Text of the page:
• The Hastings Center List
  • A list presented by Huff and Frey (referenced below) that combines recent research in moral psychology with skills useful for students learning the practice and profession of computing that includes computer science, computer engineering, and software engineering

    Uprm ethical empowerment skills list

  • UPRM Objectives are described in the context of faculty development workshops in the Science and Engineering Ethics article by Cruz and Frey referenced below:
  • Ethical Awareness : “the ability to perceive ethical issues embedded in complex, concrete situations. It requires the exercise of moral imagination which is developed through discussing cases that arise in the real world and in literature.”
  • Ethical Evaluation : “ the ability to assess a product or process in terms of different ethical approaches such as utilitarianism, rights theory, deontology, and virtue ethics.” This skill can also be demonstrated by ranking solution alternatives using ethics tests which partially encapsulate ethical theory such as reversibility, harm, and publicity.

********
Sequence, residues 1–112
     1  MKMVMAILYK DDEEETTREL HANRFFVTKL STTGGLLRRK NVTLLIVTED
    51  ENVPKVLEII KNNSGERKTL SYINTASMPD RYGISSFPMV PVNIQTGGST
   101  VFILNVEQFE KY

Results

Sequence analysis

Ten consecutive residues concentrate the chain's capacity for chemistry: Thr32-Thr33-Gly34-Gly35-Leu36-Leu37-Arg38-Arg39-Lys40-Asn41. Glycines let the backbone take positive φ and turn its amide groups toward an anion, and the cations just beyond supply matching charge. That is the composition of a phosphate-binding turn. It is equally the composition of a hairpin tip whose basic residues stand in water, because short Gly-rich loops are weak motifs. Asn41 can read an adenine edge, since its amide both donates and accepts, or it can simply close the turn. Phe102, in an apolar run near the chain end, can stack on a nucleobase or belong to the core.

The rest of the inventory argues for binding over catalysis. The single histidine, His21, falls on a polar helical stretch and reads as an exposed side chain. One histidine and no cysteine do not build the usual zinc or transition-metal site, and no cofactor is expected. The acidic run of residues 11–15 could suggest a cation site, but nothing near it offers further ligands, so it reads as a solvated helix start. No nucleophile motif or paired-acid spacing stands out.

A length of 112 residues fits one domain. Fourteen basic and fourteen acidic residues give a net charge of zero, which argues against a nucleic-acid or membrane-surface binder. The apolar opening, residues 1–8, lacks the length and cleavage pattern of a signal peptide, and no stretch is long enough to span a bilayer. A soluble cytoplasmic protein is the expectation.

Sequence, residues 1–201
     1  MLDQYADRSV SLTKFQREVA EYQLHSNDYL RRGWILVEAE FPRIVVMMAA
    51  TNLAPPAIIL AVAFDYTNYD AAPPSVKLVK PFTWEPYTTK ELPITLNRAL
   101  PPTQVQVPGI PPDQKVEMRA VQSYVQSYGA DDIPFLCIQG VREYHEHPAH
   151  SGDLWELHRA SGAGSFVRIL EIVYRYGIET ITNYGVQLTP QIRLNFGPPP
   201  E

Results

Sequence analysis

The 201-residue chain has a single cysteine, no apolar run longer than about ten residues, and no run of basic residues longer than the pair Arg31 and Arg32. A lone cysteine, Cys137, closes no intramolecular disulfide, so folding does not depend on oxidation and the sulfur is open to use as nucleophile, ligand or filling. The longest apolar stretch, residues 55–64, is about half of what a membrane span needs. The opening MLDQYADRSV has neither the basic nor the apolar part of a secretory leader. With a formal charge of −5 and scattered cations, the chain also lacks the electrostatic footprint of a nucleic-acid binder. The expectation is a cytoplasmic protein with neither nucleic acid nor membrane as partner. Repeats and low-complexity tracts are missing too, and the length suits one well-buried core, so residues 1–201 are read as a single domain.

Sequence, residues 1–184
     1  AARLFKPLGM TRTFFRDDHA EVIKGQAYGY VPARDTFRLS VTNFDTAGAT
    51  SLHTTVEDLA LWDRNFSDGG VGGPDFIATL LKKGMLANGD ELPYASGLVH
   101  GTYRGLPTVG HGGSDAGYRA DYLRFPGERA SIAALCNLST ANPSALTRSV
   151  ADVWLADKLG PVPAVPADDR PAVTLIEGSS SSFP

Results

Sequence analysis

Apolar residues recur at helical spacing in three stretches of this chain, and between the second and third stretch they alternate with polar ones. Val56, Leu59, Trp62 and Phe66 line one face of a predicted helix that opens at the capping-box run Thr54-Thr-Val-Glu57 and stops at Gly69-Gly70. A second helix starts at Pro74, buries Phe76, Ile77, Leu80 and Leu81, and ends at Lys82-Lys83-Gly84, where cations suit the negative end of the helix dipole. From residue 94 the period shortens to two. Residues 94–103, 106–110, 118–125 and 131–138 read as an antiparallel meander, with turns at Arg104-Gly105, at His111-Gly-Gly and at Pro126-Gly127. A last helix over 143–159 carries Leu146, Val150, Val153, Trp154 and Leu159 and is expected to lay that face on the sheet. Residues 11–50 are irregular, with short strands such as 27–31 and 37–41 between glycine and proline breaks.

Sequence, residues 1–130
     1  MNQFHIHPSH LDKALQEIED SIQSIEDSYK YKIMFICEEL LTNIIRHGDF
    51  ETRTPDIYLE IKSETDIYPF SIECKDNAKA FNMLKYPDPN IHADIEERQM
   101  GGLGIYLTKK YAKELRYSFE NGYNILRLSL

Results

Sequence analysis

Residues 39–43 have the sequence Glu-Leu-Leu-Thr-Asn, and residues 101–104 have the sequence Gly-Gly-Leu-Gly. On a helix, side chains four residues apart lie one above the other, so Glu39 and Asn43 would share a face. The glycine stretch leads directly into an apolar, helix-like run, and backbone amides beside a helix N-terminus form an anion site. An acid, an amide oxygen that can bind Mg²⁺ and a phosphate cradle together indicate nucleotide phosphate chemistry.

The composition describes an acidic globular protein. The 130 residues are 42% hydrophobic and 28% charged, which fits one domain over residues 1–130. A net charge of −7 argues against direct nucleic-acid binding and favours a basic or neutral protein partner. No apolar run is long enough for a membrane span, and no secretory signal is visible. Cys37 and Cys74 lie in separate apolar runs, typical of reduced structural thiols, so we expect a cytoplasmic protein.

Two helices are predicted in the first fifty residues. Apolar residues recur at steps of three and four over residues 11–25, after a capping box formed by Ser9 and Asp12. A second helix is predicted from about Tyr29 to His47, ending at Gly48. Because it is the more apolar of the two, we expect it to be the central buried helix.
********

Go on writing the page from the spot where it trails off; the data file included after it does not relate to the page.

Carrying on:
• Ethical Integration : “the ability to integrate—not just apply—ethical considerations into an activity (such as a decision, product or process) so that ethics plays an essential, constitutive role in the final results.”
  • Ethical Prevention : the ability to (a) uncover potential ethical and social problems latent in a socio-technical system and (b) develop effective counter-measures to prevent these latent problems from materializing or to minimize their harmful or negative impact. "Ethical" is an adjective that modifies “prevention”; hence ethical prevention does not mean the "prevention of the ethical" but the "prevention of the unethical", i.e., the harmful, the untoward, the incorrect, and the bad.